Group Matches Change

Group Matches John Woolley

When the 1966 World Cup took place in England, I was only 12 years old. But I had some friends who were 3 to 4 years older with whom I went to local football matches at QPR, Chelsea and Fulham.

Given that we lived quite close to Wembley in West London when the World Cup arrangements were announced we decided to get some tickets for the games to be held at Wembley. My friends bought a book of tickets for all games at Wembley I bought (through my dad) 4 tickets. We queued up at Wembley to buy the tickets. The group stage games at Wembley involved all England games. As it happened they also covered the quarter final against Argentina, the semi-final against Portugal and the final against West Germany.

I went to the quarter final (the famous Rattin red card) and the semi-final (a spectacular double from Bobby Charlton). Unfortunately, I didn’t have a ticket for the final but my mates went. The tickets my friends held were all in the same Block – B19. Mine were elsewhere. So we devised this plan whereby after they had all gone into this section, one would come out with a “spare ticket”. He would then meet me and I would use that “spare ticket” to get into B19. Of course in those days these sections were standing not seats so it was not obvious that people might be in the wrong area. Anyway, news of our ruse got around the whole of B19 and because of the terrific atmosphere we could produce in B19, others decided to adopt the same strategy.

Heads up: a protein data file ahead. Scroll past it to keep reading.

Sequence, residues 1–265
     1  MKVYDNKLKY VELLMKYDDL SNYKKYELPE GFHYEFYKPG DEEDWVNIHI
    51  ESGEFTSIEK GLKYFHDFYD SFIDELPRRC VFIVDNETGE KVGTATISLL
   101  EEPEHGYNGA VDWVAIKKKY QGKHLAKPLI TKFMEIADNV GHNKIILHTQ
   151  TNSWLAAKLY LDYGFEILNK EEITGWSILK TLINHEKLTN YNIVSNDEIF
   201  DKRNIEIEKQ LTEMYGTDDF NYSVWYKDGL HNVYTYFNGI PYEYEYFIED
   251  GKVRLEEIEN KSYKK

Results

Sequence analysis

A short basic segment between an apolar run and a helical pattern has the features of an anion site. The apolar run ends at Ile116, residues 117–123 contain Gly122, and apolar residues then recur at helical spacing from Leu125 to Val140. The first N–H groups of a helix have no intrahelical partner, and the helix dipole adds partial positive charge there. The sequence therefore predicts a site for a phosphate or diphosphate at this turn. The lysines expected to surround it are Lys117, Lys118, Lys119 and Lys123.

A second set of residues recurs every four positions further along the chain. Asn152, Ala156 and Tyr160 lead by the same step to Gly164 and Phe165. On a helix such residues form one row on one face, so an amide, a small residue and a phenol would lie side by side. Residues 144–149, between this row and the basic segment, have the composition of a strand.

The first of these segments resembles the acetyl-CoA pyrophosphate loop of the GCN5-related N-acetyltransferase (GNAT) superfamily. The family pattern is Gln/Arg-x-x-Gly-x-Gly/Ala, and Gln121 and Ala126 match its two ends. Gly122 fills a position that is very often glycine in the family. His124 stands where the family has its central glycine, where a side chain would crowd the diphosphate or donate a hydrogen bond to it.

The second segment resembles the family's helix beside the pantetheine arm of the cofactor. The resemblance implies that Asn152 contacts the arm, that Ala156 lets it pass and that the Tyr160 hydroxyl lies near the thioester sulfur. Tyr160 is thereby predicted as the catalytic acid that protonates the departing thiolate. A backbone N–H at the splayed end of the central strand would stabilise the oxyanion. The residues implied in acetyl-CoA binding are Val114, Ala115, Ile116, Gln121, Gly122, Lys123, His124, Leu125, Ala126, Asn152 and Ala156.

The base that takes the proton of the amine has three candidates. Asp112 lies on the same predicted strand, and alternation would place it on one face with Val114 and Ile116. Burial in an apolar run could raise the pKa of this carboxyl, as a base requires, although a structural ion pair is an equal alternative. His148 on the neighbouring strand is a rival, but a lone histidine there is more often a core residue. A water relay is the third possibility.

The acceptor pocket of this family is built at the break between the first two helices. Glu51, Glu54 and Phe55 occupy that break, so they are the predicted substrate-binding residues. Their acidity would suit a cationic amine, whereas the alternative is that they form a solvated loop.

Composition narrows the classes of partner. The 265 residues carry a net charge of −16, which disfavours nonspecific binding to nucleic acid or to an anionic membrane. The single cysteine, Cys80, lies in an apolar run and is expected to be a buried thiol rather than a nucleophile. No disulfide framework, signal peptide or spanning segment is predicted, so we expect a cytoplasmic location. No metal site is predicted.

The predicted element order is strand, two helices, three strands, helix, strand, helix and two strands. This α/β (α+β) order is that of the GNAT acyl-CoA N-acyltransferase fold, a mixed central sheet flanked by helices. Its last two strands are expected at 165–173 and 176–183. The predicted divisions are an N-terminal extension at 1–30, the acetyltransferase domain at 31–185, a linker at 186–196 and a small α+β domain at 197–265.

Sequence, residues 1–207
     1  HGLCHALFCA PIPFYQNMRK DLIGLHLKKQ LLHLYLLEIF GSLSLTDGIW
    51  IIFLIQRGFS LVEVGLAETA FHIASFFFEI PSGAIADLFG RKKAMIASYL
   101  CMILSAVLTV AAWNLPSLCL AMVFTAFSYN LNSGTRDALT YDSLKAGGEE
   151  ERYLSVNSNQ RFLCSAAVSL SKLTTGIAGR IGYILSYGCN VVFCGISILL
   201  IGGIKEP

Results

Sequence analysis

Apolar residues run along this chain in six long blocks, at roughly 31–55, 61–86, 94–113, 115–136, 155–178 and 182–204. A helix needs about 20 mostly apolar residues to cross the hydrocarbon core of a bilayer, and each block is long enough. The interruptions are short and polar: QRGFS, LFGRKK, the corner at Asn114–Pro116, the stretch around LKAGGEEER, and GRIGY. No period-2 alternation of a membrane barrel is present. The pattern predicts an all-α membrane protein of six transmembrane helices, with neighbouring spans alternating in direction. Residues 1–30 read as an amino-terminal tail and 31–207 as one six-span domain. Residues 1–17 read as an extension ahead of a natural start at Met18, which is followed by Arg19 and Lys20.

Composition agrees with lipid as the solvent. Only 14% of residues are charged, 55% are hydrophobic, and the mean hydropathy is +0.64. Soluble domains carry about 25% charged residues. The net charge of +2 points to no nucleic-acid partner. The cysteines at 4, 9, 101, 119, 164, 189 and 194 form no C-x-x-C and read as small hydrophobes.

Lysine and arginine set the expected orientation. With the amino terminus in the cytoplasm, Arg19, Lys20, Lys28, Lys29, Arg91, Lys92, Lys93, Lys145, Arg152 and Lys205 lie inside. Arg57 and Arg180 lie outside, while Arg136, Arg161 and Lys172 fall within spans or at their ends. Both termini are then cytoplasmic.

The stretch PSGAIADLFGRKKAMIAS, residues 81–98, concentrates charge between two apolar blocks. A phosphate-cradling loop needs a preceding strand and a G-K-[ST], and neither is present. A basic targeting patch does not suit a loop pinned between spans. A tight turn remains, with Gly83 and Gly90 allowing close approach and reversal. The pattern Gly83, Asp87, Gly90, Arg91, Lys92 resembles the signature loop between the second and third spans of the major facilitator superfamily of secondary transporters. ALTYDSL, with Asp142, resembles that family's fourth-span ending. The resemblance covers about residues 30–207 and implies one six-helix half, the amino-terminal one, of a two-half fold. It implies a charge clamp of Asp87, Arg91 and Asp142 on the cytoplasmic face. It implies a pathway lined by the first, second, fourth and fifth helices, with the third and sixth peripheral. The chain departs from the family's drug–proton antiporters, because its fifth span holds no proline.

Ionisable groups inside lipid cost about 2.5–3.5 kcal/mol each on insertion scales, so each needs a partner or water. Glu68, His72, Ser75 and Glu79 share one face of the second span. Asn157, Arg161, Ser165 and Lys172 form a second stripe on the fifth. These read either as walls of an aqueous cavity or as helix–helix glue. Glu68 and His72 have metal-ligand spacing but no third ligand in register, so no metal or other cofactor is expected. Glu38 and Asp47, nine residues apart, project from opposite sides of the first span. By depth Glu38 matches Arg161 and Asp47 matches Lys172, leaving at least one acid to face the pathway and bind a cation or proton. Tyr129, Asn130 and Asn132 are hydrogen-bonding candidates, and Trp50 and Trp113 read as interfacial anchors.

By the time of the semi-final B19 probably held twice as many people as any other section and made three times as much noise. The officials couldn’t work out why this was happening.

These days I appreciate that this raises a number of safety issues but at the time it was terrific fun.

I still travel to watch England play at home and abroad having been to World Cup games in Japan and Brazil. I also went to the famous 5-1 victory in Munich. But I have lost touch with my 1966 mates and go these days with my son, prospective son-in-law and wife.

John Woolley

Memory added on May 28, 2016


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